where to find good patterns and sources of patterns (was Re: singletons)

Discussion in 'C++' started by crichmon, Jul 6, 2004.

  1. crichmon

    crichmon Guest

    "Jonathan Turkanis" <> wrote:
    > "johny smith" <> wrote:
    >
    >> Can someone point me to some good articles on how
    >> to create singleton objects and how to access
    >> operations within a singleton object.

    >
    > 1. Design Patterns, by Gamma et al, Ch. 3 -- classic
    > description of the pattern
    > 2. Modern C++ Design, Alexandrescu Ch. 6 -- thorough
    > discussion and ingenious implementation of C++ singletons
    >
    > Once you've absorbed these, you might want to look at
    > the recents stuff on the double-checked locking
    > pattern by Alexandrescu and Meyers.


    Any particular patterns (besides the ones mentioned) that people find to be
    especially useful?

    Besides the Design Patterns book, I have the Pattern-Oriented Software
    Architecture Vol. 1 book, and those have been my main sources for patterns.

    Are there any specific books people would recommend for more patterns?

    crichmon
     
    crichmon, Jul 6, 2004
    #1
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  2. * crichmon:
    >
    > Are there any specific books people would recommend for more patterns?


    Software engineering is unfortunately mostly about applying poorly
    understood cookbook recipes.

    As a consequence, most projects fail or end up over time and budget
    and under spec.

    Good software engineering, especially in C++, is about applying
    intelligence and sound judgement, and you won't find that in any book;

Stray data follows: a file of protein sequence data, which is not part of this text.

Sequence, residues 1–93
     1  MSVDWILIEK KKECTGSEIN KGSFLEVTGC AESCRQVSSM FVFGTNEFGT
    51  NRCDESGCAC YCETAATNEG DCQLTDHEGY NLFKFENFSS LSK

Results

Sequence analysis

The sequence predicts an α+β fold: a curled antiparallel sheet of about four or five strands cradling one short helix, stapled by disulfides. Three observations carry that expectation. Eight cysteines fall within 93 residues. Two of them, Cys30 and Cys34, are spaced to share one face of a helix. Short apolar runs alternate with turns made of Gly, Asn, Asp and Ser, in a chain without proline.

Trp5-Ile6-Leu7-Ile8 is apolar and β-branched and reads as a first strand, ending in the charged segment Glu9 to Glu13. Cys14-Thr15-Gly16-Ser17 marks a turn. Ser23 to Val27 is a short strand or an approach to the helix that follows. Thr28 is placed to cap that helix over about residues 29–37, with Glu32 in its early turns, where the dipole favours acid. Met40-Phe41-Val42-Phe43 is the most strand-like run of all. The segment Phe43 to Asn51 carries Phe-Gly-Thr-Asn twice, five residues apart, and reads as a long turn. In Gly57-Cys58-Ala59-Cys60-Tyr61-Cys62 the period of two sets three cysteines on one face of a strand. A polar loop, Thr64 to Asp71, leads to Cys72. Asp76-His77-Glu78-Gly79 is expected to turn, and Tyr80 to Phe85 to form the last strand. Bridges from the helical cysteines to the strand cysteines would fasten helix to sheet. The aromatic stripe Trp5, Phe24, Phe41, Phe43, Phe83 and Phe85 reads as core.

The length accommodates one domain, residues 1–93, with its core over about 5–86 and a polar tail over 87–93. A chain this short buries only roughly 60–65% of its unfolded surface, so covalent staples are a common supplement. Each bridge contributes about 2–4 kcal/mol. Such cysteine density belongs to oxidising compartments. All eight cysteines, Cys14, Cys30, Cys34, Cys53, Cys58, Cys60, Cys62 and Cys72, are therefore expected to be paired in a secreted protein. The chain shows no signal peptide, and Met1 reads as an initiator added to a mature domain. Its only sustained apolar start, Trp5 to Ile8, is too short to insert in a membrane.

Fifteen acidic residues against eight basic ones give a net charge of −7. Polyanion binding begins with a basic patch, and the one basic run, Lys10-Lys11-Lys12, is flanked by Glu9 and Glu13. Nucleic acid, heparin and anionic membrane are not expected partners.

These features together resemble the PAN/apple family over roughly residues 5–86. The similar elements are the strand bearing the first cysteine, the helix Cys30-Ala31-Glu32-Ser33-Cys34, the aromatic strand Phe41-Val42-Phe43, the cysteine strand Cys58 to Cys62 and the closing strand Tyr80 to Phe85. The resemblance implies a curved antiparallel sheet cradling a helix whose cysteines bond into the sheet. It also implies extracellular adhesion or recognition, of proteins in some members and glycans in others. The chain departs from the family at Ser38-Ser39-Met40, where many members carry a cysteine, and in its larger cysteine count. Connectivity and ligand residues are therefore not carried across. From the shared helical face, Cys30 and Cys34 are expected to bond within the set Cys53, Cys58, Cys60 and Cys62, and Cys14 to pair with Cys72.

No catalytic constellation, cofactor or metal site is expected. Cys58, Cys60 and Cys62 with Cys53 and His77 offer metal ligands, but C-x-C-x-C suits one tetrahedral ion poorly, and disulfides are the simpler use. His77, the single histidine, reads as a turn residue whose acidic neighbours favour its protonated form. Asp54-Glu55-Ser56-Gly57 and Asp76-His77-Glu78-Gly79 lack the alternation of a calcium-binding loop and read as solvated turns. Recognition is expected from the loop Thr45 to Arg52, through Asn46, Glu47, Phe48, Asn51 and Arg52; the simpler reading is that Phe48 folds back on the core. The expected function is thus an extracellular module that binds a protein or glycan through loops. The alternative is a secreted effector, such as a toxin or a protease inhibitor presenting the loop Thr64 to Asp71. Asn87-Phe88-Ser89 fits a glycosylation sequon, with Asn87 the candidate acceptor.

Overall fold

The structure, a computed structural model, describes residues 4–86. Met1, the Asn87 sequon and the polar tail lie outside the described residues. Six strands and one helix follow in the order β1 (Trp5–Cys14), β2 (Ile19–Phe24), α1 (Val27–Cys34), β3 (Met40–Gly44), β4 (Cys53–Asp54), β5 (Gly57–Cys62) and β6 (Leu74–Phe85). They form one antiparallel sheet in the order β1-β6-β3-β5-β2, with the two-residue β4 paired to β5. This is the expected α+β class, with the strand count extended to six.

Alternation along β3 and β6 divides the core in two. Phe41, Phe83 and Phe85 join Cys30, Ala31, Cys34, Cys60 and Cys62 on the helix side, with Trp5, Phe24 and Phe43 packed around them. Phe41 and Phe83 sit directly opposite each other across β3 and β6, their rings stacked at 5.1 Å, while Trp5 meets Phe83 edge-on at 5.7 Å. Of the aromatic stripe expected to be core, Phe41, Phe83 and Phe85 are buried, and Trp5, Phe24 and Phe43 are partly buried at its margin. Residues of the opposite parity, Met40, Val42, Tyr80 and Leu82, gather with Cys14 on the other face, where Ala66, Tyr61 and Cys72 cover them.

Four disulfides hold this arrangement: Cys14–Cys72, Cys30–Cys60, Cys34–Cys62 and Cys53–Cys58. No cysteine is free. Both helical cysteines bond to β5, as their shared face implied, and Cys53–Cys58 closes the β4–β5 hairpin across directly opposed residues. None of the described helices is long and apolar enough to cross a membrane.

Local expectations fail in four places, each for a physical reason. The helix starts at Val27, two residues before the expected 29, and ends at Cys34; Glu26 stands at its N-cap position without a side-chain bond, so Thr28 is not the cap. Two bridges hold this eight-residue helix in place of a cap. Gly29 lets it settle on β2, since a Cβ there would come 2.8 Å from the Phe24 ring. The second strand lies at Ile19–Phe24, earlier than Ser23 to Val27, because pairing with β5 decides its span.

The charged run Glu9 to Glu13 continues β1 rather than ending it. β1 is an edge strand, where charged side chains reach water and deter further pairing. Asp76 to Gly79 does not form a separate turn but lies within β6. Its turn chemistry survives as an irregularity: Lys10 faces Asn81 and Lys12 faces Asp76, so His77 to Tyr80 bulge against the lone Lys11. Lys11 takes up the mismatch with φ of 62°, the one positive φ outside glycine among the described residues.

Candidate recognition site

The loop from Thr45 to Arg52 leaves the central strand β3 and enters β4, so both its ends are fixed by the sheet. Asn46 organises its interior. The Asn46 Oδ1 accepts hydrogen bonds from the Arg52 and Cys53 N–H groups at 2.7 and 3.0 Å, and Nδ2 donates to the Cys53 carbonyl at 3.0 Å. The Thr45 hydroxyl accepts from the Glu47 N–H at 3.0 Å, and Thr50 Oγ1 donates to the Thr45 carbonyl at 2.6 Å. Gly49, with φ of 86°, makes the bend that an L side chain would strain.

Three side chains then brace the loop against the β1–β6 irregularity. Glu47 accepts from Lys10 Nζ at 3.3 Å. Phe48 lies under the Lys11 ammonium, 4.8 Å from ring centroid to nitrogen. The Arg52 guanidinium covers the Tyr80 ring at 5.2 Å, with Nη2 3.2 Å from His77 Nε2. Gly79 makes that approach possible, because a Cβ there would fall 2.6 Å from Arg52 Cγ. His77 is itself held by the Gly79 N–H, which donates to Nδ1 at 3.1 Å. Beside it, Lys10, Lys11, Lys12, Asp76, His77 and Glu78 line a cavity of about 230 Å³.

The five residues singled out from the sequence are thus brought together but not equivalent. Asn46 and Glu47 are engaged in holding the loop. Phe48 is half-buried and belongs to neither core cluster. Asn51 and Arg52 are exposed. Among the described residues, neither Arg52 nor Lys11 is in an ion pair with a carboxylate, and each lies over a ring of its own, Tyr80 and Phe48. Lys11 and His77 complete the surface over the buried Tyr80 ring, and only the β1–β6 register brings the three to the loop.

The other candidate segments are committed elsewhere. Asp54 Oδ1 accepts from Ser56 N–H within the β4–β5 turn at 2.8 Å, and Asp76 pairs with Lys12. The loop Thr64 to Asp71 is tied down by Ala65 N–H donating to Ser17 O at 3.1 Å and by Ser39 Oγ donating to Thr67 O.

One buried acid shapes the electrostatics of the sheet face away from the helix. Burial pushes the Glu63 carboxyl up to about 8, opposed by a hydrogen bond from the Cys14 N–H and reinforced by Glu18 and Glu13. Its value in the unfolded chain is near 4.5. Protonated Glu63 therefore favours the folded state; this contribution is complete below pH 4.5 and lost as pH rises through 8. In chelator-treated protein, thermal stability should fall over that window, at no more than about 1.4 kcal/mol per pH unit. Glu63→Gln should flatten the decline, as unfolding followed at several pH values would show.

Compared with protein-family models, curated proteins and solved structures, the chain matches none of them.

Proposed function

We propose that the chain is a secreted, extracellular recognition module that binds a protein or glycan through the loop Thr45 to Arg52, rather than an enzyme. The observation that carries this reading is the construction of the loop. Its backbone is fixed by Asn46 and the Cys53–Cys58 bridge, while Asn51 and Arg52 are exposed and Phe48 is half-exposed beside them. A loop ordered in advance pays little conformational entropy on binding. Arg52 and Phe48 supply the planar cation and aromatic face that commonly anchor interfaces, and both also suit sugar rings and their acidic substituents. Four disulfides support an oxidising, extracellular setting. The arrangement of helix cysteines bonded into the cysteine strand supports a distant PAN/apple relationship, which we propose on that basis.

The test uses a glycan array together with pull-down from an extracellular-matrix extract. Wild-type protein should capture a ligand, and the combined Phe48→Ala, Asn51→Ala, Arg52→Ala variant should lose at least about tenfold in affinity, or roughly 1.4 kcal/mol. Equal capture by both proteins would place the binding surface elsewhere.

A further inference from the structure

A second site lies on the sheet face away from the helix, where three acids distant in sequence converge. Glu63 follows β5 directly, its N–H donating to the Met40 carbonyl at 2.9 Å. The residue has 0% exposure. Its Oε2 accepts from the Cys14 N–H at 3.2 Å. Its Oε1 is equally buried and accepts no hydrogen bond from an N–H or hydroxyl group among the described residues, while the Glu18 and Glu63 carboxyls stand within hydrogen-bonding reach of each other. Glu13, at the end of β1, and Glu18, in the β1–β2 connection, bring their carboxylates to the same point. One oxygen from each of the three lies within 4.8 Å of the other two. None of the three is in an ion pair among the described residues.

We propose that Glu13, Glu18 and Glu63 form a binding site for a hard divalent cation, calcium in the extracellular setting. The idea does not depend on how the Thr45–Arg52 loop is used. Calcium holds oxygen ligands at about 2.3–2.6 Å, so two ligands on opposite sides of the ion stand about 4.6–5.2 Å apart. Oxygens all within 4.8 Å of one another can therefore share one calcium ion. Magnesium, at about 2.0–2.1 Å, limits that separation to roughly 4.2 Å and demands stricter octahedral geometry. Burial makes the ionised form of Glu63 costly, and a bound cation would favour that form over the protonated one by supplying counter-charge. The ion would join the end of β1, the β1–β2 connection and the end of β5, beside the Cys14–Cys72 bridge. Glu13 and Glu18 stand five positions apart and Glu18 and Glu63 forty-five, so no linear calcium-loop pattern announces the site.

at best you can find "patterns" that have occurred because intelligence
    and sound judgement has been applied, but you in spite of well-documented
    patterns specifying forces and such you won't find any cookbook recipe
    that can substitute for intelligence and judgement in applying a
    pattern, and when you do have that you won't need the pattern description
    because you'll see the relevant patterns yourself (most patterns are the
    very trivial _conclusions_ resulting from given constraints, in disguise).

    --
    A: Because it messes up the order in which people normally read text.
    Q: Why is it such a bad thing?
    A: Top-posting.
    Q: What is the most annoying thing on usenet and in e-mail?
     
    Alf P. Steinbach, Jul 6, 2004
    #2
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  3. crichmon

    crichmon Guest

    "Alf P. Steinbach" <> wrote:
    > * crichmon:
    >
    >> Are there any specific books people would recommend
    >> for more patterns?

    >
    > Software engineering is unfortunately mostly about
    > applying poorly understood cookbook recipes.
    >
    > As a consequence, most projects fail or end up over
    > time and budget and under spec.
    >
    > Good software engineering, especially in C++, is
    > about applying intelligence and sound judgement, and
    > you won't find that in any book;


    That wasn't what I was asking for. :) While I don't claim to be all that
    intelligent, I am aware of the difference between knowledge and the wisdom
    needed to apply specific knowledge properly.